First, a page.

I can't find the research I read a few years ago but from what I understand growing indoors is crazy practical. Plants need less sun light, essentially zero pesticides, can grow much faster and if you build your structures vertically you'll be able to farm the same amount of food on orders of magnitude less space.
I don't know if we're at the point where it can be practical today, especially with so much subsidy in farming, but I'm very optimistic about it moving to automated systems within buildings that wouldn't even need the sun.
Ideally, we need a couple of years food in storage together with detailed plans for how to grow food indoors (if needed).
It's just not realistic. Sure we can significantly enlarge our buffer but two or more years? I can't see that happening in any practical sense.
Even having a single years buffer would be very worthwhile. As I mentioned in the OP if we have a catastrophic event in the northern summer the poor are in serious trouble.
Once the stockpile was established and the process of cycling it set up, then the cost should be relatively minor.
More importantly what is the alternative? Let everyone starve?
Moreover, wrt to the 72 days raised by ggpp, one would just shrink the surplus to 72 days for the smaller population.
Food insecurity is purely a function of the inefficiency of our society's means of food distribution.
So it could be could be coincidence on the timing of the Toba eruption and the genetic narrowing down of the human race at almost the same time. But something happened 70,000 years ago, if not Toba, what was it? Maybe the onset of the ice age + Toba + other things occurring close together in time.
If "m3" is jargon related to volcanos, geology, drilling, or geothermic power generation, I submit to you that most HN readers will be unfamiliar with the term.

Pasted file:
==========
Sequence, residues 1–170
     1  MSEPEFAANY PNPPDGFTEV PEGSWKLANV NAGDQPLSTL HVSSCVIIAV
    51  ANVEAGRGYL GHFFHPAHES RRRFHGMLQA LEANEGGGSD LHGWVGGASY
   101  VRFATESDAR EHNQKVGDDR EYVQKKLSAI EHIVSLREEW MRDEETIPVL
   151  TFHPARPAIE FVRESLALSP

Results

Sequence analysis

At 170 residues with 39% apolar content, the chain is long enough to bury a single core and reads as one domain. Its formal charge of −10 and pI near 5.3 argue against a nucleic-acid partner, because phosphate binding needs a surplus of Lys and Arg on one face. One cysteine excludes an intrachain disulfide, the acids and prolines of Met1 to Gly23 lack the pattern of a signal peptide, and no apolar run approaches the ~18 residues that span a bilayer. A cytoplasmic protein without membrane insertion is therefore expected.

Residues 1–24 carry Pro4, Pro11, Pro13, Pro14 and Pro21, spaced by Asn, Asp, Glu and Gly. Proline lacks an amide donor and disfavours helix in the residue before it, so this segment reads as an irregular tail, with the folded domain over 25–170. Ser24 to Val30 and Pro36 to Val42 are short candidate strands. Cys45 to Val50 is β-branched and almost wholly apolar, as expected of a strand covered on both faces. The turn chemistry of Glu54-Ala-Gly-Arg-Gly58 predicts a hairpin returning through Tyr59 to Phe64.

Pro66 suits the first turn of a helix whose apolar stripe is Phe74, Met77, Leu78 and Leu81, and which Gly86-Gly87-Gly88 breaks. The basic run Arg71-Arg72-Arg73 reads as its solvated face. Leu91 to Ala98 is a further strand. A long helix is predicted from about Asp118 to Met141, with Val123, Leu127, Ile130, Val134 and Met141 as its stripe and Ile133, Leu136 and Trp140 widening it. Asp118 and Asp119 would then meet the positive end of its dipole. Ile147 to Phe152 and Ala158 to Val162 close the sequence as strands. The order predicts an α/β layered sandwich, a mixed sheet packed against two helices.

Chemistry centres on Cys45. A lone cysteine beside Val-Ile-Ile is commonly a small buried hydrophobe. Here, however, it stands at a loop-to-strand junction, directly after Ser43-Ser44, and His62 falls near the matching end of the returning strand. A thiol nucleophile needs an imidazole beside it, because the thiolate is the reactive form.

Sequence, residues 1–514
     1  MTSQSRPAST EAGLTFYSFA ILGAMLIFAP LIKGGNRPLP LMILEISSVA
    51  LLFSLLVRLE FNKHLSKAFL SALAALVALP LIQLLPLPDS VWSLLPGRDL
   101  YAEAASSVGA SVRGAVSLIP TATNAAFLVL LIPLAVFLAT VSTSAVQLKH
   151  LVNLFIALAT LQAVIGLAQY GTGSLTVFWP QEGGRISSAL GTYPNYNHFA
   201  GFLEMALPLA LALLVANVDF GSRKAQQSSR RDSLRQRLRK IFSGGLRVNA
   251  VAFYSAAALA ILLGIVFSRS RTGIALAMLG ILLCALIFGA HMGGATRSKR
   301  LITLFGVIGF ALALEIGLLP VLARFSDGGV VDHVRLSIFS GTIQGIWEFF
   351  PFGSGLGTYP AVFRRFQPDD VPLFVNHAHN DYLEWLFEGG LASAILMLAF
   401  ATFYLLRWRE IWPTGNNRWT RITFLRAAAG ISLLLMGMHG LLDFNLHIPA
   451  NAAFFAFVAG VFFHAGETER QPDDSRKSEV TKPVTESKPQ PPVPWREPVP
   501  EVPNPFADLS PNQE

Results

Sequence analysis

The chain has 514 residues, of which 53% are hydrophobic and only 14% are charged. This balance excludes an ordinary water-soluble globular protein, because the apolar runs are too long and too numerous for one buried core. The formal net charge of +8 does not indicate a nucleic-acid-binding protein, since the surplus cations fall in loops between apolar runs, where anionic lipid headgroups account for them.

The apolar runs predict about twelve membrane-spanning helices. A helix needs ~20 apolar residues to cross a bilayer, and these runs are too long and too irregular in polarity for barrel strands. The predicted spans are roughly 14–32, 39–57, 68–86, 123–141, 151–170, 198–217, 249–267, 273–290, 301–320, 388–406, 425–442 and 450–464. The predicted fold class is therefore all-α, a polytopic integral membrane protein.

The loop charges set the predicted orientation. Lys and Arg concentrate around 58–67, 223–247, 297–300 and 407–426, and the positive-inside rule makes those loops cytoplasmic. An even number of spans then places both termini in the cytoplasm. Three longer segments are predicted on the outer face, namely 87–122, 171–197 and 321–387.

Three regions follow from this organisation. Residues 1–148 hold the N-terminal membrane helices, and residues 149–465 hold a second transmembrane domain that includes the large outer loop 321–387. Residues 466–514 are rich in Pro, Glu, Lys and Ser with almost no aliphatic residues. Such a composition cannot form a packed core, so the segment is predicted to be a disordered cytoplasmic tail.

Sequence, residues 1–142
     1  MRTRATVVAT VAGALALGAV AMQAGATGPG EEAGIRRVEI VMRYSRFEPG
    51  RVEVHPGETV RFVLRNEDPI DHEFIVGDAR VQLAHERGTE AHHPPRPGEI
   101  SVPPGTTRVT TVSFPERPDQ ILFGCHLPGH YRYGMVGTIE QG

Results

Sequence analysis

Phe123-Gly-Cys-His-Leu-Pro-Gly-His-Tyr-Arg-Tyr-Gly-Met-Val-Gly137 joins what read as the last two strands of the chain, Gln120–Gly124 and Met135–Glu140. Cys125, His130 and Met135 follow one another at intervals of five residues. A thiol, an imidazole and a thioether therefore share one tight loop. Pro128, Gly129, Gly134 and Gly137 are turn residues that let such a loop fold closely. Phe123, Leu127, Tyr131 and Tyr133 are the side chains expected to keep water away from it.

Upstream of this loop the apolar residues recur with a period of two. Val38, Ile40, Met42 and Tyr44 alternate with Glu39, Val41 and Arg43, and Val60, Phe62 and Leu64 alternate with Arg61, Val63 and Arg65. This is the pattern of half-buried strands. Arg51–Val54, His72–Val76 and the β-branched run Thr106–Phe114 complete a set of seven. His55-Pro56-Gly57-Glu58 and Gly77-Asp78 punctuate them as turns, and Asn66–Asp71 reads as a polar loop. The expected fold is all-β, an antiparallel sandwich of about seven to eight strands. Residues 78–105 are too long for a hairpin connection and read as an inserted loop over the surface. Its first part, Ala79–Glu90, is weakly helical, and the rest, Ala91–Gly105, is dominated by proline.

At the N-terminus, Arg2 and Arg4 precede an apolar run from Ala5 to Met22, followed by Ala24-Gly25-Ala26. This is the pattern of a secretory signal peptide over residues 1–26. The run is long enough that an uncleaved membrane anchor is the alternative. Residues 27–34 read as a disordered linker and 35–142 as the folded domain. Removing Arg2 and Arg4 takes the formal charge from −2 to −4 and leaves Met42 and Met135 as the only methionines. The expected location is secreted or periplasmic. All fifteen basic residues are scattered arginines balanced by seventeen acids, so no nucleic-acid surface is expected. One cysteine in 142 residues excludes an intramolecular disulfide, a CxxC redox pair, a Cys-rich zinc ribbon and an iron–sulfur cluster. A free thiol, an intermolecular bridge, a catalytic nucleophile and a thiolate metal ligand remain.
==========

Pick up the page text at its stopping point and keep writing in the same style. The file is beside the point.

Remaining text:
Or maybe it's just me.
>Cooling Yellowstone in this manner would happen at a rate of one metre a year, taking of the order of tens of thousands of years until just cold rock was left.
And I think that sentence is vague enough that any argument using only it as a basis will be pretty weak.
I suspect if you asked power companies if they'd go for it they would jump at the opportunity, but TFA jumps the gun and suggests that the government may need to offer incentives to get started.
In short: Let's use peoples fear of global calamity to get them to allow drilling and building in a national park and get free money from the government too.
It's more fair to judge NASA's space capabilities against all the other groups that take gov't money. They are much better at space than, say, the Department of Labor.
Just because there are recent, private entrants, who built much of their technology on the foundation work done by NASA, does not mean NASA should be mocked in this manner.
Electricity is hard to send long distances and central planning projects have shown to be their own disasters time-and-time again through history. "This time around though" we have more established population centers so maybe we can pull it off? Not sure! If the power could be produced cheap enough, it might pay off to maintain the massive power grid to send electricity to population centers...
What would truly be revolutionary is phase change electricity storage mechanism! Imagine being able to "ship" electricity on conventional roads, or even in existing pipelines, much the way we do with hydrocarbons.
Batteries charge roughly at the same rate they discharge, making electric cars a PITA. A conventional automobile can be "charged up" with enough potential energy in 8 mins in what takes the fastest chargers 75mins.
That's why people get excited about Hydrogen. Surplus energy can be used to produce H2 via electrolysis. The process is pretty inefficient, but that perhaps doesn't matter if the energy source is abundant enough.
However, the infrastructure required for H2 distribution would be expensive. You can't use existing gas pipelines. It's probably more practical and affordable to just build long-distance HVDC connectors to export 6GW of energy.
Maybe someday we'll have steam pipelines instead of gas pipelines?
I used water as only an example. I don't think steam is generally thought of in terms of energy storage.
If the concern of the Earth being wiped out is legitimate, then focus instead on colonizing Space. The end result is the same: preserving human civilization.